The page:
“macOS and Linux share a common heritage. Unfortunately, that does not mean applications can smoothly transition between the operating systems. To run Mac apps on Linux, you’ll need some sort of virtual machine or translation layer.”
Big companies are too slow, too disorganized and too stuck under the weight of outdated playbooks and bad habits to benefit from opportunities to innovate.
Selected by Galigio via Computer Borders
“…Just as “the cloud” was becoming the answer to every “How does it work?” question, smartphones have started clawing back their independence, performing on their own tasks that used to require a tether to a server farm. The result is a more natural AI experience, without the annoying or creepy lag of an internet connection to a data center…
…AI will also drive convenience features. You might see virtual assistants that use the phone’s camera to recognize where you are, such as a specific street or the inside of a restaurant, and bring up relevant apps, says Rizzoli. And for once, such hyper-conveniences may not have the creep factor. If future AI doesn’t need the cloud, then the cloud doesn’t need your personal data…
…As artificial intelligence continues expanding across the tech world, it seems destined to grow on phones, too. Expectations are rising that gadgets will simply know what we want and what we mean…”
If you are a fan of the design proposed by Apple for most of its operating systems, particularly Mac OS X, then there are a couple of things that you should take into consideration and some simple steps to follow. Therefore, you are advised to read the following information carefully in order to achieve the expected outcome in the shortest time.
There are two free pieces of software that can transform your Ubuntu desktop into one that looks identical to the one of Mac OS in no time. The Ubuntu version is called Macbuntu. First of all, you will need to install this program onto your local hard drive. Here is what you need to do for this step:
– If you are using Ubuntu 10.4 Lucid Lynx, you will need to open a new terminal and type the following lines into it:
$wget https://downloads.sourceforge.net/project/macbuntu/macbuntu-10.04/v2.2/Macbuntu-10.04.tar.gz -O /tmp/Macbuntu-10.04.tar.gz
$tar xzvf /tmp/Macbuntu-10.04.tar.gz -C /tmp
– On the other hand, if Ubuntu 10.10 Maverik Meerkat or a similar version is installed in your system, you will need to use a different version of Macbuntu, which can be accessed by typing the following:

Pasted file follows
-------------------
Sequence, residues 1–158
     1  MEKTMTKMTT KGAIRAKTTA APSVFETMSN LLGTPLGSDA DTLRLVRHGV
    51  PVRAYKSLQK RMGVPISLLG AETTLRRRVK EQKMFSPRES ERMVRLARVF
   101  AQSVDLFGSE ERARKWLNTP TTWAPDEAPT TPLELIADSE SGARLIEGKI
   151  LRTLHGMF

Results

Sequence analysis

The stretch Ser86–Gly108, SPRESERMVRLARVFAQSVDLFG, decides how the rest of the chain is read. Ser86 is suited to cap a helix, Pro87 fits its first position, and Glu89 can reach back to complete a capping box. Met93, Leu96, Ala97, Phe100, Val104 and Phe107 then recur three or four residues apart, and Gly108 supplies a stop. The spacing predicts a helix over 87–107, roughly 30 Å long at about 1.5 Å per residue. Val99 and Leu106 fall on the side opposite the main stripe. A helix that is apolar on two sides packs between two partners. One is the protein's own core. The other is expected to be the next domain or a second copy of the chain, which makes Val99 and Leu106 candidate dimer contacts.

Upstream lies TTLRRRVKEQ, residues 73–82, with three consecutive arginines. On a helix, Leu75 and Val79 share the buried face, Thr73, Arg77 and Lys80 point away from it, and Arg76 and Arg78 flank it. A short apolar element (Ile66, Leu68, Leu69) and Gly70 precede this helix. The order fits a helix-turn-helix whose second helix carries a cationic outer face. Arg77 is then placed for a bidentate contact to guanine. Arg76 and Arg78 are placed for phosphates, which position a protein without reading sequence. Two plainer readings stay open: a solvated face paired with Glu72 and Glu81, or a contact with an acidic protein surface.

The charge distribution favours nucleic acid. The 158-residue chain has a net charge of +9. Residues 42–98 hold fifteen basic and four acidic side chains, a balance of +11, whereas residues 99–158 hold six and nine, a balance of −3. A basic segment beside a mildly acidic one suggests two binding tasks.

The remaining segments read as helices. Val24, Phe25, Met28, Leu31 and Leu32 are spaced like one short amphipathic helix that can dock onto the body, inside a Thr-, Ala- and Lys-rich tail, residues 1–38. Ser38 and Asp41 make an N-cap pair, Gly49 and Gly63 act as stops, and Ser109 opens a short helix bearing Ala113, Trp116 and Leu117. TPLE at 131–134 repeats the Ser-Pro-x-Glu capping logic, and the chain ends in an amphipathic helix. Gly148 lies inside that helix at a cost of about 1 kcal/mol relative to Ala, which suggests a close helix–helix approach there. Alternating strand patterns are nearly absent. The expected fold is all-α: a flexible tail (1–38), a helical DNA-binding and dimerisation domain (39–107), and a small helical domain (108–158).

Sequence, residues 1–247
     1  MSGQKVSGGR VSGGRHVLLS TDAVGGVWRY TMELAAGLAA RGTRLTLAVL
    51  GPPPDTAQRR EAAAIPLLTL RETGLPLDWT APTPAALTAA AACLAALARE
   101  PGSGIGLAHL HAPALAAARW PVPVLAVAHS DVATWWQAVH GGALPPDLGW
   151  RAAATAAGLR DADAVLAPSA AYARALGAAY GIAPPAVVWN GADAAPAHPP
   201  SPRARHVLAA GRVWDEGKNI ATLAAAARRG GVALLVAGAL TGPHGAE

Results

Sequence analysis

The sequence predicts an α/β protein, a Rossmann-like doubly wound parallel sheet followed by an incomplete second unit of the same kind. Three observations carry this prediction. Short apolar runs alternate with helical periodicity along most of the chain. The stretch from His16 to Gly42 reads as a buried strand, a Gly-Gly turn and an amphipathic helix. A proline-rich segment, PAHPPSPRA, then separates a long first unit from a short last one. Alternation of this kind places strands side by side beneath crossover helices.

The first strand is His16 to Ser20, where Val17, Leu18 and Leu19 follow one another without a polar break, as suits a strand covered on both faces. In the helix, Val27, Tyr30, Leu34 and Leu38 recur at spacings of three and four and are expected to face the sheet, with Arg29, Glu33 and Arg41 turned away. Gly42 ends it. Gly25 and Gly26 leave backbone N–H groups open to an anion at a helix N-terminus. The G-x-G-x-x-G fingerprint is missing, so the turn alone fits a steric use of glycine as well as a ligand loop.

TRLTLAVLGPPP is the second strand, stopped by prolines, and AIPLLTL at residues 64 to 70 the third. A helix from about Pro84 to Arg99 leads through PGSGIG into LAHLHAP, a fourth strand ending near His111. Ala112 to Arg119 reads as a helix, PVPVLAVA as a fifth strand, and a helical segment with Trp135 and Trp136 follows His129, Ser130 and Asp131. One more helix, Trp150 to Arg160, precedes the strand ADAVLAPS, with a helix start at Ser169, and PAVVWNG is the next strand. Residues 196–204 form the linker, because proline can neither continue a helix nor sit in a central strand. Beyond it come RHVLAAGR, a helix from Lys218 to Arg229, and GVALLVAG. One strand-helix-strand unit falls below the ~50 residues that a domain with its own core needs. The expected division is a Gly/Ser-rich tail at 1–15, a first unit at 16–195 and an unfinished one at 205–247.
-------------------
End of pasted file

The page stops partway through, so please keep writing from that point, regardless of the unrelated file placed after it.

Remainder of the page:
$wget https://downloads.sourceforge.net/project/macbuntu/macbuntu-10.10/v2.3/Macbuntu-10.10.tar.gz -O /tmp/Macbuntu-10.10.tar.gz
$tar xzvf /tmp/Macbuntu-10.10.tar.gz -C /tmp
During the install process, you will be provided with the chance of choosing between different options. These are usually dependent on the different ways you wish your desktop to look like. Most of the choices will be based on your visual tastes, so make sure you choose according to them.
Finally, whenever you need to uninstall this special package for some reason you can follow the same procedure described above, with just an exception. Instead ./install.sh you will need to use the ./uninstall.sh command.
YamiPod is a freeware application to efficiently manage your iPod on Linux. It can be run directly from your iPod and needs no installation. It also has extra features such as rss news and podcast support, remove duplicates, easy notes editor (with multipage support), songs synchronization, playlists export, a built in music player and much more. It has been translated in 12 languages.
On Linux, the installation is really simple:
- have at least one song on iPod
- copy the libfmodex audio library to /usr/lib (you need root privileges). You’ll find this file in the package you’ve downloaded
- mount your iPod somewhere inside /mnt or /media with read/write access
- make sure you have the df command installed, which is usually part of any standard linux distribution.
To run YamiPod just double-click on YamiPod’s binary.
Using YamiPod is also so simple when you want to Copy Music to iPod: Drag&drop files into the song listbox. You can even drag and drop folders, YamiPod will add all valid music files found in sub folders.
In the window that will appear you’ll be able to assign song information (title,album name, artist…) for each single file or setting them for every file ticking the All checkboxes.
In Playlist tab you can select:
- Destination: select a playlist where to add all dragged songs.
- Lyric filename: how lyric should be named.
- Create playlist from folder: this will add all songs in a folder to a playlist named as the folder. For example if you dragged a folder called Music with 2 subfolders: 70’s and 80’s containing various files. Files in 70’s will be added to a newly created folder called 70’s. Files in the other folder will be added to a playlist called 80’s.
In Advanced tab you can select:
- Auto capital first letter: will titlecase all song tags.
- If duplicated: what to do if song exists on iPod.
- Get song info by path and filename: if your song tags are missing but you named and placed your song following a particular order, you can tell YamiPod to get song tags out of filename a path.
Holding SHIFT while dragging will add songs to currently selected playlist. If you’ve selected multiple songs to add you can quickly edit next (previous) song information by pressing ALT+down (up).
After that you can install Blueman (a simple and intuitive bluetooth manager) for easily configuring bluetooth PAN network:
apt-get install blueman
Start blueman-manager and find your mobile device and connect to it. When connection completed successfully, select Device->Add->Network Access Point in blueman-manager.
And the last step, configure the network interface: